Former SAS man: Torturing terror suspects is a “moral responsibility”

Well, this will set the cat among the pigeons.  Andy McNab chimes in on the CIA torture debate

A former SAS soldier who survived weeks of torture at the hands of Iraqi interrogators believes it can be used to prevent terrorists attacks.

Andy McNab believes security services have a ‘moral responsibility’ to torture suspects if innocent lives hang in the balance.

A report released earlier this week revealed that brutal techniques used by CIA agents against Al-Qaeda suspects in the wake of the September 11 bombings failed to produce useful intelligence.

But the soldier-turned-author says torture can yield vital information if used properly – and will be used by authorities in the future to prevent terrorist attacks.

The former British Army sergeant told The Times he ‘wouldn’t think twice’ about ‘inflicting pain’ on someone if he thought it could prevent an atrocity such as the 2005 London bombings.

He said: ‘I would deem it a moral responsibility to interrogate, to physically torture him to get the information out.

‘Torture is a really blunt instrument but it is an instrument that if it used right can yield results.

People get waaaay too precious about torture.  There is a time and a place where the need simply makes it the only answer.  

‘There will always be legislation to make sure that we don’t do it, but we will do it… We could moan about tactical interrogation or we could moan about 24-28 people getting blown up on a Tube. It’s a tough call.’

CIA Director, John Brennan, admitted some agents had used ‘unauthorised methods’, but insists they gained some valuable information through techniques such as ‘water-boarding’ – which was used to save lives.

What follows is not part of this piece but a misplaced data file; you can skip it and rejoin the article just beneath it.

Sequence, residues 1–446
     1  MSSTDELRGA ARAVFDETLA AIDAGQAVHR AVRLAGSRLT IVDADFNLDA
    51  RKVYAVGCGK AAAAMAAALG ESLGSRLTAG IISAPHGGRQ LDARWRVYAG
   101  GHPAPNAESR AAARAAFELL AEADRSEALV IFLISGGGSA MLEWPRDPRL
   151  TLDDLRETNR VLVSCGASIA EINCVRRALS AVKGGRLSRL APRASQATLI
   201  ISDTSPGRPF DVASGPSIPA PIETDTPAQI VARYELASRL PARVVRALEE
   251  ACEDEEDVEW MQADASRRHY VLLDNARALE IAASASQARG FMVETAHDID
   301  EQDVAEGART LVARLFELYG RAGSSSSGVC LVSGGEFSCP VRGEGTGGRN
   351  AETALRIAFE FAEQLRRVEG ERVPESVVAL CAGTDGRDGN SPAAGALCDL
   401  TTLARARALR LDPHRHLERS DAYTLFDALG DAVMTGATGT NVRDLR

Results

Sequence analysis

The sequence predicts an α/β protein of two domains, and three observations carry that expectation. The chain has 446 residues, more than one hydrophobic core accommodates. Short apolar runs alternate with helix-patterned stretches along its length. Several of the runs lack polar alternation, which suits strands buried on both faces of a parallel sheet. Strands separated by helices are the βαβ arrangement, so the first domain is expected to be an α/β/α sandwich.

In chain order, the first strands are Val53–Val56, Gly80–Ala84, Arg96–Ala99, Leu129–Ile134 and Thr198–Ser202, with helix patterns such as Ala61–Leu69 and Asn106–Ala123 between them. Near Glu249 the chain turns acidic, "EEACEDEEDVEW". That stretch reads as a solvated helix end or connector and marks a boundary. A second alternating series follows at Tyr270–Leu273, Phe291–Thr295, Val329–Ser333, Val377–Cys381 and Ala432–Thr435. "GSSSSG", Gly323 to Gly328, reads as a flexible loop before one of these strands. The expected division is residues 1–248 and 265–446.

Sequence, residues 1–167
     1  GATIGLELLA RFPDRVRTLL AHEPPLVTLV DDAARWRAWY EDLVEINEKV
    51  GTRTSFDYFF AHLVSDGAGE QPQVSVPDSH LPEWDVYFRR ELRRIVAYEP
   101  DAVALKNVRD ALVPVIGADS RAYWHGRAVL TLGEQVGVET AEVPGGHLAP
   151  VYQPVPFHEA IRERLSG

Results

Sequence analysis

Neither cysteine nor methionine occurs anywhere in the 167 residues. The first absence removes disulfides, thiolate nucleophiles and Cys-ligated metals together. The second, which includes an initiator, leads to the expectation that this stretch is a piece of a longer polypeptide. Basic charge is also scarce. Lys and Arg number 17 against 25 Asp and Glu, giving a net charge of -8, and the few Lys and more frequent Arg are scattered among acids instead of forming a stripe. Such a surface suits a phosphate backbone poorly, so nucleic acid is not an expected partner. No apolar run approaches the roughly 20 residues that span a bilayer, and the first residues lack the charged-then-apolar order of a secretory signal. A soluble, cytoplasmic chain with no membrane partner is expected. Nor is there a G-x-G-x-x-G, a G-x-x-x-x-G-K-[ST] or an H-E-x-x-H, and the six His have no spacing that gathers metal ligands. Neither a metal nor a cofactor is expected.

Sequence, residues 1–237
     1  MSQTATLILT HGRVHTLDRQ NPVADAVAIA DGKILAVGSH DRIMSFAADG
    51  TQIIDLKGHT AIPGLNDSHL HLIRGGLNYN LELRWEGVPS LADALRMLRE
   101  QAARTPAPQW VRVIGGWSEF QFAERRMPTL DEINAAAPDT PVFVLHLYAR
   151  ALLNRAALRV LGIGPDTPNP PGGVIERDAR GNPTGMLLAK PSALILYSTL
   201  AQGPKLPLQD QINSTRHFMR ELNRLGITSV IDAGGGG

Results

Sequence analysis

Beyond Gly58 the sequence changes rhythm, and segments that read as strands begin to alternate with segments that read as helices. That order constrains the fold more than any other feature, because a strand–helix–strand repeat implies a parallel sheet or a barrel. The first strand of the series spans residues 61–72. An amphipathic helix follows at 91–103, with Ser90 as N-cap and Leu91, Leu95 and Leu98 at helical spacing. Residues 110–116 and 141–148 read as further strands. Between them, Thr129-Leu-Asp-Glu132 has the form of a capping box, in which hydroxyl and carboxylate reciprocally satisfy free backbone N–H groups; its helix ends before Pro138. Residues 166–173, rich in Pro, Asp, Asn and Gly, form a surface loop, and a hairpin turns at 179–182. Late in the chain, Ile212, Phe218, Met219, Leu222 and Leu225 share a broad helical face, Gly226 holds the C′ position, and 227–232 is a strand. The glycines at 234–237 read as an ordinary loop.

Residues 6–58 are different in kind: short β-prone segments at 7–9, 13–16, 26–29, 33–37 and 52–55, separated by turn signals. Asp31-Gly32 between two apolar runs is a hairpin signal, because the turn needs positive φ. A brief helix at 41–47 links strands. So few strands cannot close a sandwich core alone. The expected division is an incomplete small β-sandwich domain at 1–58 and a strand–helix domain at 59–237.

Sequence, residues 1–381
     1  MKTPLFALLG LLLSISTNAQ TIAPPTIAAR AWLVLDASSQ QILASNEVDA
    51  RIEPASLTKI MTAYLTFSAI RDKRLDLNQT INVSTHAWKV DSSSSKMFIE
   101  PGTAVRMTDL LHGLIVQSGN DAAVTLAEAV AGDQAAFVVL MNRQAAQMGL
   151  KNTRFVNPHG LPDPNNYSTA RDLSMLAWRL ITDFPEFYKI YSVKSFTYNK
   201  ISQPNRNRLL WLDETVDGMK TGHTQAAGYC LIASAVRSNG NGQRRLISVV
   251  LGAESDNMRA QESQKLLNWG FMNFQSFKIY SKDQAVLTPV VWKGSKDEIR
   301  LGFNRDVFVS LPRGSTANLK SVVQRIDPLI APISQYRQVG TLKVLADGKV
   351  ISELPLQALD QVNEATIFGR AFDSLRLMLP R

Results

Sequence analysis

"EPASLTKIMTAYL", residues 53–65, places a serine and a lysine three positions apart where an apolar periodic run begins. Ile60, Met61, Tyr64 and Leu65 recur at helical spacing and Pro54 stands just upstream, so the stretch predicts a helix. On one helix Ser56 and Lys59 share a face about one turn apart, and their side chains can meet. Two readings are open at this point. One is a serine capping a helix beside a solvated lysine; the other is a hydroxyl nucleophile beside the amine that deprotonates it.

McNab, which is a pseudonym he coined after 20 years of military service, says there are a number of ‘quick, harmful, painful techniques’ which can be used to effectively extract information from a captive.

He conceded that he only supported the use of torture immediately after a suspect was captured rather than months later, when the information they possessed would be ‘out of date’.

Exactly.  Timeliness of intel to prevent some major loss of life would always be justification in my book.  But waterboarding people years later is where the CIA doesn’t have much of a justification they can offer.

The former special forces officer was himself tortured by Iraqi forces, after being captured on covert mission during the first Gulf War in January 1991.

He and three of his colleagues were taken to an interrogation centre in Baghdad where they were stripped of their clothing, beaten and held in isolation for over three weeks.

Each of the men were whipped until they bled – their wounds then sealed with a red-hot metal spoon. At one point, McNab, now 54, says his molars were forcibly removed with pliers.

He was eventually transferred to another prison in Abu Ghraib where he was beaten for another three weeks.

Despite the unimaginable pain he was subjected to, McNab maintains that torture is ‘a weapon misunderstood by those who were not inflicting or being subjected to it.

He said: ‘At the moment there is this moral revulsion at what has gone on.

‘However, if there was real time information that did actually save lives, we would be looking at it in a different way.’

For squeamish people to live in their cocooned little lives where they are allowed the luxury of not having to look a cow in the eye and kill it just so they can have some steak, it is better that they leave the professional to the job of keeping them safe.

There is nothing more irritating than bleeding heart liberals declaring there should be no torture, ever.   They do so from the luxury of ignorance.  If it was their family held up in a bus that’s about to be blown up, I suspect very few would be as principled.

– Mail Online

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